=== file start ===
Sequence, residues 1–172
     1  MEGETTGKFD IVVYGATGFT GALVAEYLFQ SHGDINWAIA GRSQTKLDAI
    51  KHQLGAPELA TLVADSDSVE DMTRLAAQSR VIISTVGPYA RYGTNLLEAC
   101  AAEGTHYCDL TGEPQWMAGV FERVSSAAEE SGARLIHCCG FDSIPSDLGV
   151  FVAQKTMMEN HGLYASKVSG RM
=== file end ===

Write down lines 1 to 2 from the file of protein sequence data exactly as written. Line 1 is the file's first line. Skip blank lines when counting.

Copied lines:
Sequence, residues 1–172
     1  MEGETTGKFD IVVYGATGFT GALVAEYLFQ SHGDINWAIA GRSQTKLDAI